Another “invisible city”: the homeless. They don’t live anywhere in particular, and so it seems as though they live nowhere at all. But they live here, as much a part of our town as I am. Some of them stay for a few weeks before moving on; others have lived here for twenty years. They might sleep in the shelter or under a highway overpass or in the park; they might have a P.O. box and a cell phone and a notebook computer; they might even have a job. They are subject to, and protected by, the same laws as I am. They just don’t have a permanent residence.
But you already know this in a general sense. Here are some particulars about this invisible city in my town.
Boulder Colorado has a population of about 100 thousand. There is a homeless shelter on the north edge of town that can accommodate 120 people overnight. The shelter is open from October through April, an interval during which overnight temperatures typically fall below freezing. The shelter is closed during the daytime. No individual can stay more than 90 nights at the shelter during any one season. The shelter is closed during the daytime; everyone must leave for the day and return at night. (Wouldn’t want the homeless people to feel like the shelter is home, would we?) No one with substance problems can stay at the shelter. From May through September the shelter is closed.
The real estate crash and the jump in unemployment have resulted in an increase in homelessness. Consequently, the homeless shelter is no longer big enough to meet the need for shelter during the cold season. In response, some homeless people and some religious people have put together a network of churches/synagogues to serve as warming centers. A nonprofit organization called BOHO coordinates this network and its services. (My wife Anne is a board member, which is how I know about BOHO.) Each night one of the participating organizations opens its doors for overnight accommodation, providing floor space, blankets, heat, and sometimes food. A few homeless guys do the setup and take-down, clean up afterward, and provide low-level security overnight. The next night the warming center relocates to one of the other churches/synagogues — a homeless shelter that is itself homeless. Substance abusers are not prohibited. During the season that just ended this temporary shelter network was open for 150 nights and housed an average of more than 70 people per night, for a total of 11,000 total guest-nights. There was a handful of police interventions and one death (accidental overdose).
Now it’s May: the season is over; the shelter is closed. Presumably for the next few months the homeless can sleep outdoors without freezing to death. Problem is, there’s a law in Boulder that prohibits camping on public property. And of course unauthorized camping on someone else’s property is also illegal. That means that the homeless people of Boulder have nowhere to sleep legally. Violators of the no-camping law are given a ticket and a $100 fine. If the ticketed person fails to pay the fine he or she is jailed. Ordinarily the judge hands down a sentence of community service, but since the homeless person had no money to pay the fine he also can’t pay bail. That means staying in jail until the court date, which also means racking up costs for jail and court time amounting to at least $2,000 per case. It’s the criminalization of homelessness, at public expense. The ACLU has taken on the issue, and there has been some public outcry.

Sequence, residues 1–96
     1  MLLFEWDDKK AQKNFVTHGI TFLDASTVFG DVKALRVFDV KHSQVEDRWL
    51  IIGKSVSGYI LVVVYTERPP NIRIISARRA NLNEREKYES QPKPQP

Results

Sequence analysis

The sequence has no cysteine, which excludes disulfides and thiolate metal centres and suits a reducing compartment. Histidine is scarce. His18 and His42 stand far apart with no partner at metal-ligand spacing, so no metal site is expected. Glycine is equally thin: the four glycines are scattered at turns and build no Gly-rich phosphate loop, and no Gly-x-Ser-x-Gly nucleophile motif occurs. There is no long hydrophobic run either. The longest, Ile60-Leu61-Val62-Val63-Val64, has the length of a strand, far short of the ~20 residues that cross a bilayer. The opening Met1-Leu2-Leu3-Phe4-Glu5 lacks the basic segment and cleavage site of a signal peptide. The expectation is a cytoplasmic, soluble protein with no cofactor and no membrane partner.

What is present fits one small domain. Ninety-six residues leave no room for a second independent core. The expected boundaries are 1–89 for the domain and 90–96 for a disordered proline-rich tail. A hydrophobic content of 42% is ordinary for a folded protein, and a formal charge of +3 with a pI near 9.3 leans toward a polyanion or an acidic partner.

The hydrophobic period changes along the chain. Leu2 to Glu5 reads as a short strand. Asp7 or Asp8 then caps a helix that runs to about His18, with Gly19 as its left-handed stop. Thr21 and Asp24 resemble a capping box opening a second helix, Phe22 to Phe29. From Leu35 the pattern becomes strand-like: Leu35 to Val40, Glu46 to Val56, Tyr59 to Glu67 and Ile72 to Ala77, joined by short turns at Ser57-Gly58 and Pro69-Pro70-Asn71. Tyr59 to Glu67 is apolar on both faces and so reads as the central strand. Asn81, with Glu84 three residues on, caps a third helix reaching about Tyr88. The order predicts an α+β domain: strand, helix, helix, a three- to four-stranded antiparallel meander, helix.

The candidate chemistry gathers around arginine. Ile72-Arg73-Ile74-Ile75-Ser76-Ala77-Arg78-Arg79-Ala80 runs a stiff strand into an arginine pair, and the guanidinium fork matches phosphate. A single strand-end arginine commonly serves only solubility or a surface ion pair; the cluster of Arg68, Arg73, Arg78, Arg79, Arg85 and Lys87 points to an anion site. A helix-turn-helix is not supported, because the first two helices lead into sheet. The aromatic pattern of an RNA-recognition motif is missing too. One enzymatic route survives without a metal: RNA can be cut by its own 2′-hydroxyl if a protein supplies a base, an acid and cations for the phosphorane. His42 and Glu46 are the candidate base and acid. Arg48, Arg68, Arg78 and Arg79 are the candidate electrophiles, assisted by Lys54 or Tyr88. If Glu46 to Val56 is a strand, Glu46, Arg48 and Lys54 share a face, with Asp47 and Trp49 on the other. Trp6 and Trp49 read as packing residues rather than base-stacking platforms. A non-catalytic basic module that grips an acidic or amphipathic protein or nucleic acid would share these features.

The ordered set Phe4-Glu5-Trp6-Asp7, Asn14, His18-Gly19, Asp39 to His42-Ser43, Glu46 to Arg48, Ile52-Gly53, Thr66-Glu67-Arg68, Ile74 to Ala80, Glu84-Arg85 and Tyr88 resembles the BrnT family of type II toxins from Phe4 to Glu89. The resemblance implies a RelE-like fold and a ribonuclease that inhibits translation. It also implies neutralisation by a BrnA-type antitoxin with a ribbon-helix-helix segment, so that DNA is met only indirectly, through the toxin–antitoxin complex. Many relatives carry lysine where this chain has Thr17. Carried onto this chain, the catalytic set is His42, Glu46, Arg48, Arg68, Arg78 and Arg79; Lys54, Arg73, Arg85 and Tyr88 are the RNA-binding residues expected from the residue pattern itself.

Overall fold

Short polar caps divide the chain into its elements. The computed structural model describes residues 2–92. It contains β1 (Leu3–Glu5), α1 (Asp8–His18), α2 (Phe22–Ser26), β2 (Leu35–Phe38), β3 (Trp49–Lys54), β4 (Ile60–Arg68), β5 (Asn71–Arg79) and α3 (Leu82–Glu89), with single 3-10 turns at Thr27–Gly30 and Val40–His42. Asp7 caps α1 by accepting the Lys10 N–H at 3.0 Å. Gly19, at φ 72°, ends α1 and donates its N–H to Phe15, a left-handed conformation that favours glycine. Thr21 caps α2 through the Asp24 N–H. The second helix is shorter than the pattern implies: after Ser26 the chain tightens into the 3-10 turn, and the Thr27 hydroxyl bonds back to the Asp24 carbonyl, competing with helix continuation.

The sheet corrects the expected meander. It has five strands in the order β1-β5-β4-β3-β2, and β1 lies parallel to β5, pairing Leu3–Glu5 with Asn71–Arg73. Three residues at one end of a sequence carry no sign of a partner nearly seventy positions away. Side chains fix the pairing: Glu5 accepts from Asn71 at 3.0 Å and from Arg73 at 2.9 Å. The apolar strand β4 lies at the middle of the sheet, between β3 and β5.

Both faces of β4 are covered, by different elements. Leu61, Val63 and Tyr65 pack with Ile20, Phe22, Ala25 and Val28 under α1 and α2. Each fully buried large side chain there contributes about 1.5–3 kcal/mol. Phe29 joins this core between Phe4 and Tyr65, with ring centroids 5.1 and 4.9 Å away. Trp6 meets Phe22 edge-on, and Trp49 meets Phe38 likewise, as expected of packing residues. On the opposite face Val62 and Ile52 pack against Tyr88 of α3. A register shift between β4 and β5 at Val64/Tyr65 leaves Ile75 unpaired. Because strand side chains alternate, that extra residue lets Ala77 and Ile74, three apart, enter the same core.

So here’s the proposal that BOHO is exploring: During the warm season, participating churches/synagogues make their parking lots or grounds available as campgrounds for the homeless people. Again, the campgrounds will rotate from site to site each night. Again, the work crew of homeless guys will do setup, take-down, and security. The city attorney is on board with this plan. However, the city managers don’t want to pay BOHO to run this program, which mostly means refusing to pay the work crew of homeless guys. So if this camping scheme is going to happen this year, either the crew will have to volunteer or private contributions will have to cover the costs.
In planning meetings the city bureaucrats seem more concerned about the neighbors’ reactions than about providing a place for the homeless people to sleep legally and safely. No one from the city seems to be exploring the possibility of keeping the homeless shelter open during the warm season, which would certainly help. The shelter is staffed by full-timers who get paid far more than do the cobbled-together BOHO crew. Interestingly, the shelter staff gets paid during the summer even when the shelter itself is closed. Makes you wonder whether the city is paying the shelter to limit access by its designated clientele…
Anne is busily writing BOHO’s proposal to the city, due midnight Sunday, to cover next year’s indoor cold season and outdoor warm season. The city also wants projections for the subsequent two years. I’d say Anne should budget with the assumption that homelessness will continue to be a growth industry for at least that long. In all likelihood the city will agree to pay only a fraction of BOHO’s costs, even though those costs are a fraction of the homeless shelter’s costs.